On Thursday in Mulhouse, the Alsacation town bordering Germany and close to France, I visited Jen's literature class at the Universite de Haute Alsace. Most of Jen's students are in their second year taking an optional English course. Meaning they've got good English skills and want to stretch their English composition. Jen devoted two class sessions to crime writing giving them the assignment of writing a 'sequel' - in any creative way they wanted - to what Aimée would do after she discovers the body in Murder in the Latin Quarter. Two of the students are reporters on the local Alsace papers but it was fascinating to hear 12 different takes on Aimée's actions. And impressive to realized they wrote several page sequels after just hearing the beginning of a book and that a man's ear had been cut off and his body placed by a circle of salt. The writing piece that stuck out vividly in my mind dealt with Aimée's getting derailed and finding herself in an orgy then saved from being attacked by Bertolt Brecht. Yes, Bertolt Brecht and somehow time travel was involved. Not to say these young Alsacations are provincial but two of them have never been to Paris. Many live on farms or villages in the surrounding area and the town Mulhouse closes up early. Even if one wanted to find night life, Jen said, people go to bed at 8:00 PM echoing what a woman told me on the tram. It's hard to even find a cafe open. But there's a different rhythm here, people talk to one another and driver's are courteous....never find that in Paris. I And then I chatted with this homeless man who walked by the bookstore after my reading - he was trilingual, switiching effortlessly between French German and English. When asked about the war he said 'which one 1877, or the quatorzieme guerre or la guerre de 1939?' It struck me that this land which has gone from being French then German and back to French refers to the wars by years. I went to the incredible museum at the Hotel de Ville and got more confused after learning Mulhouse hadn't been part of France until Napoleon 'invited' Mulhouse to 'reunite' renaming the main square Place de la Reunion eh voila the explanations got more confusing after that. Here's the door of the Tour de Diable prison and medieval graffti circa 1577 maybe some of Jen's students can get more inspiration here. Elan's wonderful English bookstore "The Book Corner" is right across from Jen's 17th century apartment and behind the synogogue on rue de la Synogogue near rue des Rabbin's of course. No one explained how this synogogue survived the German re-occupation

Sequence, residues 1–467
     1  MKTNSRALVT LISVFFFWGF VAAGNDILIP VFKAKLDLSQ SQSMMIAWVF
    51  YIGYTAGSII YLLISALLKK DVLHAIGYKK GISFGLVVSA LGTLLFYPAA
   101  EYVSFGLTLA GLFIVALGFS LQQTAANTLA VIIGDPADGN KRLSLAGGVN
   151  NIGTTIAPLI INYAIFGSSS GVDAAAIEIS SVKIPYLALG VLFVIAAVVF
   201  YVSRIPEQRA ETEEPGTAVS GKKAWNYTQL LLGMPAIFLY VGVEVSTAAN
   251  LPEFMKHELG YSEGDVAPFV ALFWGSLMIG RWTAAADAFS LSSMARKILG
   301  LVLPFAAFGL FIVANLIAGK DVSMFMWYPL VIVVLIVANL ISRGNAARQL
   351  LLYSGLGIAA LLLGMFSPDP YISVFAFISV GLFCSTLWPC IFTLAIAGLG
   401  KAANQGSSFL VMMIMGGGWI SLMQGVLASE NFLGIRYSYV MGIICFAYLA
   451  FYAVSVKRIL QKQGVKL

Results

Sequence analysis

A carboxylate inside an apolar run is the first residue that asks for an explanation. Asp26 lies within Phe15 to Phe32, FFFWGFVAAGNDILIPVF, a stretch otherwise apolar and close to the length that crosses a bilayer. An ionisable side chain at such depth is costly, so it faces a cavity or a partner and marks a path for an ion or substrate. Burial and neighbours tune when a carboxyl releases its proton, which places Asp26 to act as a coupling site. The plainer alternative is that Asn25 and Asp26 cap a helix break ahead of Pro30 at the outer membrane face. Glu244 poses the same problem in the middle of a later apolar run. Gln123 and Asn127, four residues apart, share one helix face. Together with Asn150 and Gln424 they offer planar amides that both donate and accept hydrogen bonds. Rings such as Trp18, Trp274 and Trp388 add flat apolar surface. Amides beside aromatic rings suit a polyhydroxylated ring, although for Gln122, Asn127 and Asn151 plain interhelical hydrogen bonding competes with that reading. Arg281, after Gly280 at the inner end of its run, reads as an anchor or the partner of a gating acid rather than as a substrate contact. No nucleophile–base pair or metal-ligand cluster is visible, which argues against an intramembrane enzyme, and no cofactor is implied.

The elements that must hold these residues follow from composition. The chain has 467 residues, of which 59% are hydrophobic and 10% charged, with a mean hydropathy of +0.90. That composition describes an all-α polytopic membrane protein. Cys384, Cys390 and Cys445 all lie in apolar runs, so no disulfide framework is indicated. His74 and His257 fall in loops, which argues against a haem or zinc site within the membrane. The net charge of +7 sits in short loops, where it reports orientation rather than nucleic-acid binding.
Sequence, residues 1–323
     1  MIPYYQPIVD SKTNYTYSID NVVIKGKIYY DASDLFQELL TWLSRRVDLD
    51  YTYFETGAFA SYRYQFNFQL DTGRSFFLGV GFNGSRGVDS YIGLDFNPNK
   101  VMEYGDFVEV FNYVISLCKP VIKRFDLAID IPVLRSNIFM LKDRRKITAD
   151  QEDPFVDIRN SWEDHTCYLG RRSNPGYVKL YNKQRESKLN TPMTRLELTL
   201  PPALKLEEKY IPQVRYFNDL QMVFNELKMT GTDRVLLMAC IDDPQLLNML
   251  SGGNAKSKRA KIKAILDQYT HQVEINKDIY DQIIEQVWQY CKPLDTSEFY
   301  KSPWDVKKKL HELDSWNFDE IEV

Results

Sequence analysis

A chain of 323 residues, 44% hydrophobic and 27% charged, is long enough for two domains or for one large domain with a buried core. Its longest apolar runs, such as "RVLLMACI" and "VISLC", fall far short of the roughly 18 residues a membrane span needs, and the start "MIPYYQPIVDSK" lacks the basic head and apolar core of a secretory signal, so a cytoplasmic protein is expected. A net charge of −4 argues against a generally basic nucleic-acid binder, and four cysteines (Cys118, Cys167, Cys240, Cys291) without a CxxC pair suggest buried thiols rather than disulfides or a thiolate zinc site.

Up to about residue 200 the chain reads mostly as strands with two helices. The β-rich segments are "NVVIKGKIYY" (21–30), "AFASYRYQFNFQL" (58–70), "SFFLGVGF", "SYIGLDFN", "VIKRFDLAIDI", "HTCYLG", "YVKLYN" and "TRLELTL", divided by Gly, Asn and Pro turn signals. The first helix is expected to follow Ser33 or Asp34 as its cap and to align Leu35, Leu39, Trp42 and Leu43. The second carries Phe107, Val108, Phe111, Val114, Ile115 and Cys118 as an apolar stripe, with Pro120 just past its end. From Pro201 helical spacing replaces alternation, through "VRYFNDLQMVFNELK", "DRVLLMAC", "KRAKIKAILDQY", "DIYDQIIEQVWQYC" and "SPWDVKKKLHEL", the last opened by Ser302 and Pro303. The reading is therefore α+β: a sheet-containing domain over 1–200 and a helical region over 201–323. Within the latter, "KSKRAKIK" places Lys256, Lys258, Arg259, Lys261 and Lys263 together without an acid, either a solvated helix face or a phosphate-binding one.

But I wonder what they'd think of this street art in Belleville the 20th arrondissement of Paris?
Done by these taggers who spent all morning tagging and are well known in the quartier Somedays they attract crowds watching them work At the top the figure's done by a famous tagger - so famous it's considered an honor if he tags your building